KEEPING COOL WHEN CHOOSING REFRIGERATION EQUIPMENT

By Angela Altass

 Choosing the right refrigerators, coolers, and freezers to suit a specific store’s needs can seem like a daunting task. As Chris Midbo, territory manager, Western Refrigeration, points out the least expensive piece of equipment is not always the best choice.

“When choosing a cooler or freezer, first consider the product that you want to be placed in the unit,” advises Midbo. “For freezers used to place ice or basic frozen food items, a basic glass door unit is fine. If you are storing desserts and ice cream, a freezer that has a lower temperature threshold is key to maintain product integrity. Ice cream freezers will hold the product a minimum of 10 degrees lower. Product integrity is key for repeat sales.”

One of the biggest advancements with regards to fridges, coolers, and freezers is the product that is going into the units, says Midbo.

“For freezers, the food manufacturers have developed single serve items that should be stored in a glass freezer near the microwave,” he comments. “They can be re-thermed from frozen, and the product is good quality. The shelf life for the frozen product is long, so there is less shrinkage, allowing the site to offer a good hot food alternative.”

For coolers, fresh deli items offer a great food service choice, notes Midbo.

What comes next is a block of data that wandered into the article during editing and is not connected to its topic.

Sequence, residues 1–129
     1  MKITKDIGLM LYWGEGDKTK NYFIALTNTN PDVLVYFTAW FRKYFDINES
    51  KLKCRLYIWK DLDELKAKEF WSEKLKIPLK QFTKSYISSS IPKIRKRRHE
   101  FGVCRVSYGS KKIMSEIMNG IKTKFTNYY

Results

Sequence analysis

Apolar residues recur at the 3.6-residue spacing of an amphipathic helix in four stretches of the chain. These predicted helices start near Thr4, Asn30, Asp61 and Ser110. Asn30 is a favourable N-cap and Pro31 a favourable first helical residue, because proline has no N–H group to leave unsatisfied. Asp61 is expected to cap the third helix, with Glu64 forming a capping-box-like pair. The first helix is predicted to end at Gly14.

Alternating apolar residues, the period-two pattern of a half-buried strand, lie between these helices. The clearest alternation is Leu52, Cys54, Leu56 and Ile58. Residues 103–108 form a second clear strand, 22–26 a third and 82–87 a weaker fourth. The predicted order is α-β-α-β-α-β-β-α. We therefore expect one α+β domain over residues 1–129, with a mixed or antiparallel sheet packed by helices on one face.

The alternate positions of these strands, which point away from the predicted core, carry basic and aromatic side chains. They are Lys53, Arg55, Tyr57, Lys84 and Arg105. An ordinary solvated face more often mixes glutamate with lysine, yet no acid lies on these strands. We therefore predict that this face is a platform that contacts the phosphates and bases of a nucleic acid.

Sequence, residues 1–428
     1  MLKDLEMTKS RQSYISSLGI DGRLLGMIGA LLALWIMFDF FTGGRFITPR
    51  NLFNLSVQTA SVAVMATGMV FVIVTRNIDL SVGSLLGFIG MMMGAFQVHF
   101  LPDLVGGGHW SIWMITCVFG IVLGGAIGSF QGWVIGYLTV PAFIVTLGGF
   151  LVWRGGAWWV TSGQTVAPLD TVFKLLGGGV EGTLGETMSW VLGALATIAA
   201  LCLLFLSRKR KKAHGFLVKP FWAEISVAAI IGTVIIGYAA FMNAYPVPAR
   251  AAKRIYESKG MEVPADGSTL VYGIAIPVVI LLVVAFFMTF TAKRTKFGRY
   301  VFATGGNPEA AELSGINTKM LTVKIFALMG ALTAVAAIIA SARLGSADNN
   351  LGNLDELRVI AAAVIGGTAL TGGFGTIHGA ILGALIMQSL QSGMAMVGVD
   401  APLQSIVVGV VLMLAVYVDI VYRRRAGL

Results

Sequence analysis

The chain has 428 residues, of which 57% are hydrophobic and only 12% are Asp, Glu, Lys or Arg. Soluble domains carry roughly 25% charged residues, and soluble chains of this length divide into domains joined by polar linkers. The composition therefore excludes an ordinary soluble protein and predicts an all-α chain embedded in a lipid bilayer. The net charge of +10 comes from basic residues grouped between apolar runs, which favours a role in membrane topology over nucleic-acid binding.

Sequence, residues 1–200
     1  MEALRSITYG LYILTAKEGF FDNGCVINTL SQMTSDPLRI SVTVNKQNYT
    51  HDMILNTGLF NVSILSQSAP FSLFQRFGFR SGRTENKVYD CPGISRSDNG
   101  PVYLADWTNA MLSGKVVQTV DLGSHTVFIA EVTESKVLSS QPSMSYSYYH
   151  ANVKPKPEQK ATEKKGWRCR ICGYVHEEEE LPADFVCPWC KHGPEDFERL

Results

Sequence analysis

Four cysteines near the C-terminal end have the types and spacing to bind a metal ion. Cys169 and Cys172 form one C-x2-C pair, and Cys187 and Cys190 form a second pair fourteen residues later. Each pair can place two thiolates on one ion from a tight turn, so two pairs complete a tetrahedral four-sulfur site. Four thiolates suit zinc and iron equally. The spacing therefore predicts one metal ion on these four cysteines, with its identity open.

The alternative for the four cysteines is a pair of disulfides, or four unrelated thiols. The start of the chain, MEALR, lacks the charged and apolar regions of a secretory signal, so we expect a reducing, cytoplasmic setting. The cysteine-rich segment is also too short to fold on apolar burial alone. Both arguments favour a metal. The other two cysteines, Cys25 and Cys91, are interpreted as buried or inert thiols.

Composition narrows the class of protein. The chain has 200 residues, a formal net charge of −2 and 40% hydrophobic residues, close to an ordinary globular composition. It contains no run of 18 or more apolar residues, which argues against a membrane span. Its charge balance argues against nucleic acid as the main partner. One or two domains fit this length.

“The key for a successful program should be having a cooler that merchandises the product well, so you have inventory turns,” says Midbo. “It is also important to have open air coolers that are engineered to maintain temperature, even during defrost times.”

“Higher end products, such as specialty drinks and fresh deli products, should be placed in open air coolers, and be placed in a high traffic area,” he notes. “With all of the different options for coolers, you can find a unit that will fit almost any area.”

 LED is now the standard lighting for both glass and open self-contained units, says Midbo, adding that this provides better lighting that is bright and eye catching.

“There are more options available now than in the past,” states Midbo. “For cooler merchandising, open air coolers are the most common. There are no barriers between the product and the consumer. Glass doors are a barrier for the client. When going from a glass door cooler to an open air cooler, there is always an increase in sales. We have seen some locations double their sales when going to an open merchandiser.”